4 - 7.. same as above.

What you should have done:
1. You had two primary partitions on the disk.
2. Boot from Windows XP CD.
3. Select new installation.
4. Pick the first partition (C:)  to install into.
5. Choose to format the first partition, which remains as C:. and
primary.

Alternatively, you could have done the following:
1. You had two primary partitions on the disk.
2. Boot from Windows XP CD.
3. Select new installation.
4. Delete the first partition.
5. Immediately recreate the first partition, which remains as C:, but
is now a logical drive in the extended partition.
6. Pick the first partition (C:)  to install into.
When installation is completed, the second partition D: is the active
primary partition (System).

>
>I still need to undo this as I want my partition with the OS to have
>the "C:" label
>
>Anybody got any ideas?

Recreate the first partition as primary, and make it active. One way
to do this is to connect the drive as slave in another Windows
computer, and use Disk Management.

>Here's a screen capture of what I'm dealing with
>http://bootsystemswap.notlong.com
August 5, 2005 7:05:34 PM

Archived from groups: microsoft.public.windowsxp.hardware (More info?)

On 4 Aug 2005 12:52:15 -0700, "Ethan Lipman" <ethan.lipman@gmail.com>
wrote:

>So here is exactly what I did
>
>I booted from my XP CD.
>Deleted my first 20 GB partition that held my previous installation.
>Then chose to partition and install into that soon to be NTFS formatted
>partition.
>I didn't restart the computer anywhere in that process, but it doesn't
>appear to have needed that.
>
>Apparently I should not have deleted that partition first, and I would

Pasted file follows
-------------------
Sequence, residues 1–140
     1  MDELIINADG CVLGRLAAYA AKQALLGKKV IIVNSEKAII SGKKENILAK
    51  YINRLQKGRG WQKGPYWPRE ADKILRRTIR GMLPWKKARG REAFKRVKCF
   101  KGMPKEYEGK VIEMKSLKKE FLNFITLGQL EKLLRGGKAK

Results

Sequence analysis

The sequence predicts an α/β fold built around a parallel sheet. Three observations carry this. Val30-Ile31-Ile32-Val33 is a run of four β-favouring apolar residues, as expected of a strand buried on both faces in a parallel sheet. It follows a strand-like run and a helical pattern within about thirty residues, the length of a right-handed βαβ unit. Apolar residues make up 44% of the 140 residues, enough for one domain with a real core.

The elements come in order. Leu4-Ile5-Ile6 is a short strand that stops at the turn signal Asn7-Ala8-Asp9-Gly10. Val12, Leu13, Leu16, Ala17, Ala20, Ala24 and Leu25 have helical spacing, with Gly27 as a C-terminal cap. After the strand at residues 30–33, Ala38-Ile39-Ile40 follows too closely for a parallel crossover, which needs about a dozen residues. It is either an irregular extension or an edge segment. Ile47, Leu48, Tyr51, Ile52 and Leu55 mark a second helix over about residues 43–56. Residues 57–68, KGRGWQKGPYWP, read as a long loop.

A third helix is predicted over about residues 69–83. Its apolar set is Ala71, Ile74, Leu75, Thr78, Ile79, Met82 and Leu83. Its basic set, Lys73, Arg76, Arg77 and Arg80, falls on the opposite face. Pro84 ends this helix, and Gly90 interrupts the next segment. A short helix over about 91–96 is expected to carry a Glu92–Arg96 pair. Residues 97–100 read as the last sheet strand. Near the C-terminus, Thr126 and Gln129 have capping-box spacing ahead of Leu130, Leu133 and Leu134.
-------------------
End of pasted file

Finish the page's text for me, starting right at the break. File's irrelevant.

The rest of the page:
>have been presented the option of re-formatting that partition if I had
>just chose to install right then and there?

Yes.

>
>One thing I DID notice was that there was an 8 MB chunk of
>"unpartitioned" space. Is that being reserved on purpose for
>something? Or is that just the way the math works out with my 20 / 60
>split? Not that I'm concerned about 8 MB, just idle curiosity.
>
>So I dropped my drive into another computer as a slave, and I was all
>ready to regconfigure that drive and make the first 20GB the "active"
>partition, but even after a reformat of that first 20GB chunk, I didn't
>see any option to change which was "active".

You cannot merely reformat. You have to first delete the logical drive
and extended partition. Then recreate it as a primary partition, and
set as active.

>
>Turns out this second computer's HD has enough free space that I can
>dump the 25 GB I was using from my 60GB partition, onto the 2nd drive,
>and now I can then setup my HD with the proper primary and secondary
>partition config that you mentioned.
>
>I was about to just copy the files over from within windows, but then I
>was also thinking, this might be a good time to learn a thing or two
>about "ghost". I could ghost my 25 GB of stuff over to that 2nd drive
>right? But then I saw that ghost needed to do something to my drive
>before it could back it up, some disk identification, and I got mildly
>concerned that it might not be able to restore my data properly if I'm
>mucking with the partion that it will be restoring to.
>
>That is to say, I'm backing up 25 GB of data from a 60 GB primary
>partition.
>Would it have been a perfectly good idea to restore that 25GB of data
>to a newly created 60 GB *extended* partition?
>
>What's the word on the street about the tagging and virtual partioning
>that Ghost does to the HDs for it to play with them? Would ghost have
>been a better way to deal with the 25 GB backup I just did by slowly
>dragging files over to the 2nd HD? Perhaps once I've got my system
>setup again, it would be worth making a Ghost image to cover my arse
>against future WinXP calamity.

There's no reason to ghost ordinary data.
!